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Components and Circuits For discussions about component types, alternatives and availability, circuit configurations and modifications etc. Discussions here should be of a general nature and not about specific sets.

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Old 13th Sep 2017, 12:33 pm   #1
John M0GLN
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Default RCA 45X11 valve description.

One of my sets is a RCA Victor 45X11, I have just changed a few caps' and it's working well, but there is one thing that puzzles me with regard to the valve descriptions on the schematic, the 12SA7 which is a heptode mixer-oscillator is shown as a '1st DET-OSC' and the 12SQ7 which will be doing the detecting is shown as the '2nd DET-AF-AVC'. what does DET stand for with regards to the 12SA7? I've looked on the web but other than finding out that it's a common description in US radios I've seen nothing else, I expect it will be something simple and obvious to all but me.

Thanks

John
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Old 13th Sep 2017, 12:40 pm   #2
paulsherwin
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Default Re: RCA 45X11 valve description.

American terminology for a mixer-oscillator?
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Old 13th Sep 2017, 12:44 pm   #3
G6Tanuki
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Default Re: RCA 45X11 valve description.

Frequency-changers were often described as "1st Detector", not just by the Yanks. I recall this term being used in the 1930s Admiralty wireless-telegraphy handbook too.
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Old 13th Sep 2017, 1:43 pm   #4
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Default Re: RCA 45X11 valve description.

From a 1933 Practical Wireless advert.
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Old 13th Sep 2017, 1:51 pm   #5
Boater Sam
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Default Re: RCA 45X11 valve description.

Just old terminology - detector - It is probably a hang over from TRF sets to differentiate from an RF amplifier or audio amplifier as the first valve would then be the detector.
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Old 13th Sep 2017, 4:39 pm   #6
usradcoll1
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Default Re: RCA 45X11 valve description.

Quote:
Originally Posted by paulsherwin View Post
American terminology for a mixer-oscillator?
That type of valve is also known as a "Pentagrid Converter".
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Old 13th Sep 2017, 8:01 pm   #7
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Default Re: RCA 45X11 valve description.

It's an interesting historical hangover that has a certain charm- as said, probably from the earliest TRF days. I think there was a tendency to increment the complexity of a home-made set in the early days as savings and confidence increased, possibly the original TRF detector diode/non-linearly biased triode etc. would then get used as a mixer in some embryonic superhets, thus becoming "1st detector" and the term stuck? Perhaps "detector" could be elaborated as "vital non-linearity stage making the signal usable by the next stage", whether that next stage be high-impedance headphones, AF or IF amp. Latterly coming under the cover-all generic "modulator"- even if it demodulates!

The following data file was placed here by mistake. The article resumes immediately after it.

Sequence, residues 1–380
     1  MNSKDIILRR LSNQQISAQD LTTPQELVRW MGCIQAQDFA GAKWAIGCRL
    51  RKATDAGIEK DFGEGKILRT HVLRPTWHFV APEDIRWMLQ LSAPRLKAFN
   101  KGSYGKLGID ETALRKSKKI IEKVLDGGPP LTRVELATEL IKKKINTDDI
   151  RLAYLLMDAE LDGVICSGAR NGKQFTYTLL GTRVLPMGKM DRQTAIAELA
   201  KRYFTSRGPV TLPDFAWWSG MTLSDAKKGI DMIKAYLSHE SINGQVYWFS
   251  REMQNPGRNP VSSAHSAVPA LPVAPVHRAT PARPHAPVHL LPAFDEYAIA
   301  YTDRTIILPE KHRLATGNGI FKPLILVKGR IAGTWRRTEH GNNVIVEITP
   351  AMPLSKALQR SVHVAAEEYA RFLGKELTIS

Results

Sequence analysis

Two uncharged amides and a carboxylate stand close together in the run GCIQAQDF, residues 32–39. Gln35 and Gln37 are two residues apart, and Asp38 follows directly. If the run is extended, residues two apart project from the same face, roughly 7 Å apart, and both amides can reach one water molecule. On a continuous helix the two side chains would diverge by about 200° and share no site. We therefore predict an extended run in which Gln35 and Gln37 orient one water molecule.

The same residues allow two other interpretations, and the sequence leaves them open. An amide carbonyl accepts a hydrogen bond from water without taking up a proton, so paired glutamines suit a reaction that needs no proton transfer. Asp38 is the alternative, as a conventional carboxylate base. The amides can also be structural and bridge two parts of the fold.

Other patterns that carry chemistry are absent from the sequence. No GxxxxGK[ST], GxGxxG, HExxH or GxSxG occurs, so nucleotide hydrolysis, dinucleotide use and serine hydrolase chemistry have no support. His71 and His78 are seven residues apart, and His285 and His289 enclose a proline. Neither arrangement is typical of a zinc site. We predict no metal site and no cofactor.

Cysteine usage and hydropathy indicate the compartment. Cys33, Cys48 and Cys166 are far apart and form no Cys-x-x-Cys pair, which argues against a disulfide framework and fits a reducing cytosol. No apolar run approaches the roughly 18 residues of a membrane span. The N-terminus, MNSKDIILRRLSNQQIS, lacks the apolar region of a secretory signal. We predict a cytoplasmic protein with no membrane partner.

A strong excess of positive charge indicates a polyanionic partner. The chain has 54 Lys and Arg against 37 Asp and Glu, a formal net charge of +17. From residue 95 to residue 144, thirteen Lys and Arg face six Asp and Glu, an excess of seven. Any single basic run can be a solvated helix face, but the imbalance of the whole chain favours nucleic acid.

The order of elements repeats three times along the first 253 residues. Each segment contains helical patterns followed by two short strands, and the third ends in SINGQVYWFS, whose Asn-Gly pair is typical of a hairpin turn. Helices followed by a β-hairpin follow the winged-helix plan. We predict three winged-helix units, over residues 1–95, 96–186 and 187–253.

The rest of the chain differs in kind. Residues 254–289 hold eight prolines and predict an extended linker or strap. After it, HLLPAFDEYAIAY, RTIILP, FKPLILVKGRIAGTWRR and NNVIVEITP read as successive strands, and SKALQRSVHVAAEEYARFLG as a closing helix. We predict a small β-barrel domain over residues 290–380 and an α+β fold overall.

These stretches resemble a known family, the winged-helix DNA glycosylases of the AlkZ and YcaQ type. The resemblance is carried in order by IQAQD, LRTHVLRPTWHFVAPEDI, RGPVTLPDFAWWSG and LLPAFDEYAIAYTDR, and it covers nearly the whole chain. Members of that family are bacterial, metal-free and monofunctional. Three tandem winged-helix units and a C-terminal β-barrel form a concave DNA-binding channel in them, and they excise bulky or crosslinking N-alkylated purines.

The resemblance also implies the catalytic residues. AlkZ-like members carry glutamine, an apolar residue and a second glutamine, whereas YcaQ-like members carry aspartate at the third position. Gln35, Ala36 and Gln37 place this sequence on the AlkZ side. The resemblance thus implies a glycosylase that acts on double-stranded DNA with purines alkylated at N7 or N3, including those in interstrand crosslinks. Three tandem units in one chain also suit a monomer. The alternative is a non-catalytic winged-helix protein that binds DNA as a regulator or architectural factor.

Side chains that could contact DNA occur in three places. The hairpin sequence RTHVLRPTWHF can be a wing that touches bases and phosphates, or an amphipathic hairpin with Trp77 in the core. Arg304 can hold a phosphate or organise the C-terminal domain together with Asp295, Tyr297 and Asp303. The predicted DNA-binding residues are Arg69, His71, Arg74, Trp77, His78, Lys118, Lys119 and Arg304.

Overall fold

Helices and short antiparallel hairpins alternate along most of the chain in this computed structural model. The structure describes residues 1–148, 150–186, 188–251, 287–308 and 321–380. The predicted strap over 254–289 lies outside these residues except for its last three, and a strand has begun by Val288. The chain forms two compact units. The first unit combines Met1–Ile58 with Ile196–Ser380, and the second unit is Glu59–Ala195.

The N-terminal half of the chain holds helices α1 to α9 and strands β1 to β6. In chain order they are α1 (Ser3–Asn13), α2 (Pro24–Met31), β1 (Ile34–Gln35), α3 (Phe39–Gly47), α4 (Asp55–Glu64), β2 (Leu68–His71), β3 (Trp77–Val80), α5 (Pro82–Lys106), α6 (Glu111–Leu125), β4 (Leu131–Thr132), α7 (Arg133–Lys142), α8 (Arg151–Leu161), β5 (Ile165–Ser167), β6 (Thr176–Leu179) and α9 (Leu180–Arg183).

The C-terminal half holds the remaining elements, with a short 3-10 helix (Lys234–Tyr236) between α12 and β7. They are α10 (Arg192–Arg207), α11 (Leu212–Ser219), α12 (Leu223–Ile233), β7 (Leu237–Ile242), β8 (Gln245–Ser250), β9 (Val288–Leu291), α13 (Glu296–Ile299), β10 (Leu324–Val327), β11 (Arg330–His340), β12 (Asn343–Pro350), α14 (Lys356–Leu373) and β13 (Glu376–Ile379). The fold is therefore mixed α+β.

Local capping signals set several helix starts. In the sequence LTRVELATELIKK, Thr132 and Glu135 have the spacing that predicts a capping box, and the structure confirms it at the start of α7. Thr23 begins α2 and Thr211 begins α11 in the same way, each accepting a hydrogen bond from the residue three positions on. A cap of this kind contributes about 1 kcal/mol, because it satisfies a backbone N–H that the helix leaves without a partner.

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Old 14th Sep 2017, 8:25 am   #8
John M0GLN
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Default Re: RCA 45X11 valve description.

So 'detector' in this context is a term from the early days of both British as well as American radios and doesn't necessarily mean it's a demodulator like I thought it would.

Thank you all for your interesting replies.

John
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Old 14th Sep 2017, 8:40 am   #9
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Default Re: RCA 45X11 valve description.

I had been puzzled by those terms too.

http://www.vintage-radio.net/forum/s...d.php?t=114728
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Old 14th Sep 2017, 9:28 am   #10
Nuvistor
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Default Re: RCA 45X11 valve description.

A good read from this web site.

http://antiqueradios.com/superhet/


Quote. Paragraph from the page.

Heterodyne detection provided an apparent amplification of the received signal, an important effect since at first no other method of radio-frequency amplification was known (the Audion was used only as a detector for several years after its 1906 invention, not as an audio- or radio-freqency amplifier).
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